Mechanisms of CD8 T Cell-mediated Control of Mouse Polyomavirus and the Requirement for Naïve T Cell Recruitment to Maintain Immunologic Memory Open Access

Wilson, Jarad Joseph (2012)

Permanent URL: https://etd.library.emory.edu/concern/etds/fx719n31n?locale=en
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Abstract

Mechanisms of CD8 T Cell-mediated Control of Mouse Polyomavirus and the Requirement for Naïve T Cell Recruitment to Maintain Immunologic Memory

Human polyomaviruses (PyV) have plagued immune-deficient patients who develop PyV associated pathology due to the lack of anti-polyomavirus agents and host determinants predicting susceptibility to disease. The mouse polyomavirus (MPyV) model allows the study of the immunologic control of the virus in its natural host. CD8+ T cells recognizing infected cells are required for viral control and tumor resistance. However, usual mechanisms needed to clear intracellular pathogens (TNF-α, Fas, perforin) were dispensable for MPyV control. Work in human PyVs found IFN-γ can inhibit PyV replication. Against MPyV, IFN-γ treatment in vitro reduced MPyV gene expression and viral replication in a dose-dependent manner. Mice lacking the IFN-γ receptor (IFN-γR-/-) maintain functional CD8+ T cells, yet fail to control MPyV in vivo, displaying increased viral loads and susceptibility to MPyV-tumors. IFN-γR-/- transplanted kidneys harbor increased viral burden compared to normal wild-type (WT) kidney transplants. Finally, IFN-γ provided therapeutic viral control during persistent MPyV infection in the kidney, a reservoir of persistent mouse and human polyomaviruses. This demonstrates IFN-γ is an anti-polyomavirus agent with therapeutic potential.

Due to the dynamics involved with antigen and inflammation during chronic viral infections, it is unknown if memory developed against PyV resembles that against latent chronic pathogens. We have found that persistently infected mice maintain a large, stable anti-viral CD8 response, yet these memory cells are short lived upon transfer to naïve mice. Interestingly, new naïve progenitors can be primed de novo, contributing to the memory T cell pool. Therefore, we developed a novel MPyV TCR transgenic system that allows the monitoring of the timing of priming and how this affects the pool of memory T cells. Late MPyV-infection recruited CD8 T cells were stably maintained, possessing improved phenotype, multi-cytokine functionality, and superior recall potential. In contrast, acute-infection recruited cells were deleted over time, and displayed characteristics of exhaustion. This indicates CD8 T cells recruited during persistent MPyV infection contribute significantly to the preservation of functional memory against MPyV.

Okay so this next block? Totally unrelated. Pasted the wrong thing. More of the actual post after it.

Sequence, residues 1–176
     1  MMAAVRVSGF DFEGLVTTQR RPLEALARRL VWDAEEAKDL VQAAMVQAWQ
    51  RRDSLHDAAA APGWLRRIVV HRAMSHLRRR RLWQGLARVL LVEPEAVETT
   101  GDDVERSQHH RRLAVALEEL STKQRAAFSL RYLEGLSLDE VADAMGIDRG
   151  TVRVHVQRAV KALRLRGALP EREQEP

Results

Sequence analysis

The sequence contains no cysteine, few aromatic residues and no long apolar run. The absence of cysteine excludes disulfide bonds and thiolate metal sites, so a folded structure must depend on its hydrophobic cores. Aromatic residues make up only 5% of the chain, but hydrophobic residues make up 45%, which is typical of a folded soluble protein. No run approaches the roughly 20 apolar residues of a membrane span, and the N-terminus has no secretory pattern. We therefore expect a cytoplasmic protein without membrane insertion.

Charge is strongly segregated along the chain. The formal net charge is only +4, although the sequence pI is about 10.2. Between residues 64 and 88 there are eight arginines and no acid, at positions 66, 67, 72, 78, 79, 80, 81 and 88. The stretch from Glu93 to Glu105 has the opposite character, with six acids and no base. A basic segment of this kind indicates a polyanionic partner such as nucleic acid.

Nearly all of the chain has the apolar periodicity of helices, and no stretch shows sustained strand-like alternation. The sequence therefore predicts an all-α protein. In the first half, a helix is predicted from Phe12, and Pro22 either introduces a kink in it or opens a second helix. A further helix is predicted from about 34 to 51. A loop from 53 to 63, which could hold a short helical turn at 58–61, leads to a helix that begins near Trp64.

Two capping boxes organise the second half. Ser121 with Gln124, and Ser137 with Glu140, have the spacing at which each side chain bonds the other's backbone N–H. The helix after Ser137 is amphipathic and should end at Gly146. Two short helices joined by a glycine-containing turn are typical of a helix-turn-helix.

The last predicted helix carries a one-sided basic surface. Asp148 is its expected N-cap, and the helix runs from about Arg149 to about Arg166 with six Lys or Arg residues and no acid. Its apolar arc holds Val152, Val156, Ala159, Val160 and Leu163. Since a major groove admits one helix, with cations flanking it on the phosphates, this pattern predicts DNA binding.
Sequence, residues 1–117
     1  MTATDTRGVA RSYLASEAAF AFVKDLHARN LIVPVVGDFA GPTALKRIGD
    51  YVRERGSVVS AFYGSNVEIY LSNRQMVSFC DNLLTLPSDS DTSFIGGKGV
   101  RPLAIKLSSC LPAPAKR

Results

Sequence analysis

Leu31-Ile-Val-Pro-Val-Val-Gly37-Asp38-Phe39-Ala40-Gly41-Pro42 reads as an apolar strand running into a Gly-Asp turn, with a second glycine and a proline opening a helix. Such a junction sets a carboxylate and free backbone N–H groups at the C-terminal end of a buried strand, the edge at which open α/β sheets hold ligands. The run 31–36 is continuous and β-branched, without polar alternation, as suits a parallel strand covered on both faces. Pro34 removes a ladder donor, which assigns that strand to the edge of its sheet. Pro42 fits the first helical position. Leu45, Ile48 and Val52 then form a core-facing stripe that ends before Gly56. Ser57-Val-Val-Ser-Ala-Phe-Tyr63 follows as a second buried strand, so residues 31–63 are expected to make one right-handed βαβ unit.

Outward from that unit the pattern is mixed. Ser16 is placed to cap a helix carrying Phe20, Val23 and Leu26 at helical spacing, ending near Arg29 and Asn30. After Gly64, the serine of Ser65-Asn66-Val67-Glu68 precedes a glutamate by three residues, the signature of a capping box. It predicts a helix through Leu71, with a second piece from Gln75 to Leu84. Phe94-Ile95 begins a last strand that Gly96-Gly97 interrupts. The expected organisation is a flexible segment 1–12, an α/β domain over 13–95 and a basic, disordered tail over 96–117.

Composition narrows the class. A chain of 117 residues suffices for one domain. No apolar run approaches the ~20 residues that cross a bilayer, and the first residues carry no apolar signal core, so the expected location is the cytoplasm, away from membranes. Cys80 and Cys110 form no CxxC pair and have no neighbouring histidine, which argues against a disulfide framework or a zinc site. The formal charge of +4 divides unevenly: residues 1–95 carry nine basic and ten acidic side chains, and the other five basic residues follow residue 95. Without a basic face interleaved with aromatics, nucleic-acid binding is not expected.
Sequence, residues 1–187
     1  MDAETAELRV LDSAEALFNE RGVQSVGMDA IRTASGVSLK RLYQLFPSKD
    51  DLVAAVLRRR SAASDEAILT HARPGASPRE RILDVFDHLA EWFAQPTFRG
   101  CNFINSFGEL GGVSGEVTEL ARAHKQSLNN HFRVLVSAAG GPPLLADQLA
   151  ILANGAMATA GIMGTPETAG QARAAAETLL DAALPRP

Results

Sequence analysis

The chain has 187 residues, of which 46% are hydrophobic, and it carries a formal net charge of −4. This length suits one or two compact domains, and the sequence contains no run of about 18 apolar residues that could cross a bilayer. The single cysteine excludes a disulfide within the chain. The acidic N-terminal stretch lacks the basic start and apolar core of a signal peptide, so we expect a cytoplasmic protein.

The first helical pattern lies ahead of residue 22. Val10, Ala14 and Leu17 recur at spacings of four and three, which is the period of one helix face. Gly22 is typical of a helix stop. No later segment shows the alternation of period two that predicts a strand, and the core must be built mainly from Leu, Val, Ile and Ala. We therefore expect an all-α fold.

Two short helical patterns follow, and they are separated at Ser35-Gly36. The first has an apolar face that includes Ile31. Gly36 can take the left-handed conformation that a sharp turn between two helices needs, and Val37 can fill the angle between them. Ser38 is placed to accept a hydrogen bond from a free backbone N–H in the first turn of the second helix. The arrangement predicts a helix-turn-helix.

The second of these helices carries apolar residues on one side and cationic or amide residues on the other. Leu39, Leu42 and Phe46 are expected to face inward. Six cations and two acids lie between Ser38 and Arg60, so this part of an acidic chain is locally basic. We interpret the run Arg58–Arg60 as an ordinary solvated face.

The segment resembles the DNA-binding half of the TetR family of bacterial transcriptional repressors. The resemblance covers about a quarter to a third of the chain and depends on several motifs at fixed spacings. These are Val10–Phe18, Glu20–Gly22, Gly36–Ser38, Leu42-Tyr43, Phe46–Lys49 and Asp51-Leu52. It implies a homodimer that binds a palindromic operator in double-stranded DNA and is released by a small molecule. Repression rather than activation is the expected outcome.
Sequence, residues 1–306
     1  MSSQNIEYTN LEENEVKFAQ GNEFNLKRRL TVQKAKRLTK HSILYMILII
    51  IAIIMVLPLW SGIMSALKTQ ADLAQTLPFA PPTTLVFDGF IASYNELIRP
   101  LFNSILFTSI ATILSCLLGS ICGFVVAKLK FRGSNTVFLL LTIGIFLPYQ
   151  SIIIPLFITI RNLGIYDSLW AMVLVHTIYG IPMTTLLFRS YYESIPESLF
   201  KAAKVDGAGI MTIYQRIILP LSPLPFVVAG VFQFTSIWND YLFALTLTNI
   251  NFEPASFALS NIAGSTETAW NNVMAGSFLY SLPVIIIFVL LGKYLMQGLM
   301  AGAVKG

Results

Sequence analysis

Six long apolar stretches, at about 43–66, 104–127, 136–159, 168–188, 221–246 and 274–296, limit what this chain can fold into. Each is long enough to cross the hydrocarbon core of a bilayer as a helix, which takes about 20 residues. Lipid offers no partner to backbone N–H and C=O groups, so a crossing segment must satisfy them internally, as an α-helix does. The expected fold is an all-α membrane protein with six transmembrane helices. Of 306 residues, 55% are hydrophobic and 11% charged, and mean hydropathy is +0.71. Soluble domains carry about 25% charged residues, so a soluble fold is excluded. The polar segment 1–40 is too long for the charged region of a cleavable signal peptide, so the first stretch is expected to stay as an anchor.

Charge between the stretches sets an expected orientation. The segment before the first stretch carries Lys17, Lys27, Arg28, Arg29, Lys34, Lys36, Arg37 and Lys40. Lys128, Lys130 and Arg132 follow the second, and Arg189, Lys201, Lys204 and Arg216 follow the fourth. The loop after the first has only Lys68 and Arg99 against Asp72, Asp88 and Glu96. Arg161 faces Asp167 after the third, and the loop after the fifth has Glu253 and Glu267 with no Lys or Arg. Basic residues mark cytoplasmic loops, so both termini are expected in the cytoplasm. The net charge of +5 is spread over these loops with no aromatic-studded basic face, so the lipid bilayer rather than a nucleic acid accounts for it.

Table of Contents

Table of Contents
Abstract
List of Figures
Chapter I: Introduction 1

I. Adaptive immunity to viral infections 1
II. CD8 T cell Responses 6
III. The generation and role of CD8 T cell memory? 9
IV. CD8 T cell memory perturbations during persistent infections 16
V. Polyomaviruses as a tool to study low level persistent infections 22

Chapter 2: IFN-γ controls mouse polyomavirus infection in vivo 58
Chapter 3: CD8 T cells recruited early in mouse polyomavirus infection undergo exhaustion 101

Chapter 4: Discussion 148
Chapter II

Figure 1: IFN-γ has anti-MPyV activity in vitro 86
Figure 2: Effect of IFN-γ on growth and death of MPyV-infected cells 87
Figure 3: IFN-γR-/- mice have reduced ability to control MPyV infection in the kidney 88
Figure 4: IFN-γR-/- mice maintain a functional MPyV-specific CD8+ T cell response 89
Figure 5: Impaired control of MPyV infection in IFN-γR-/- kidney transplants 90
Figure 6: IFN-γ administration during persistent MPyV infection reduces virus levels 91
Sup Fig 1: MPyV-HA visualized by flow cytometry and IHC 92
Sup Fig 2: IFN-γ reduces MPyV protein expression on a per cell basis 93

Chapter III

Figure 1: Distinct response profiles for virus-specific CD8 T cells recruited during acute and persistent MPyV infection 133
Figure 2: Expression of memory markers by CD8 T cells differs with timing of recruitment during MPyV infection 134
Figure 3: Minimal changes in memory phenotype of acute infection-recruited anti-MPyV CD8 T cells over long-term maintenance 135
Figure 4: Persistent infection-recruited memory CD8 T cells express higher multi-cytokine functionality and reduced Blimp-1 136
Figure 5: Acute MPyV infection-recruited CD8 T cells suffer exhaustion 137
Figure 6: CD4 T cells are required for maintenance of memory MPyV-specific CD8 T cells during persistent infection 138
Figure 7: MPyV-specific CD8 T cells recruited in persistent, but not acute, infection mount recall responses 139
Sup Fig 1: MPyV.LT206 infects B6 mice equivalently to wild type MPyV.A2 and specifically stimulates TCR-I CD8 T cells 140
Sup Fig 2: Polyclonal MPyV-specific CD8 T cells recruited during persistent infection express canonical memory markers 141

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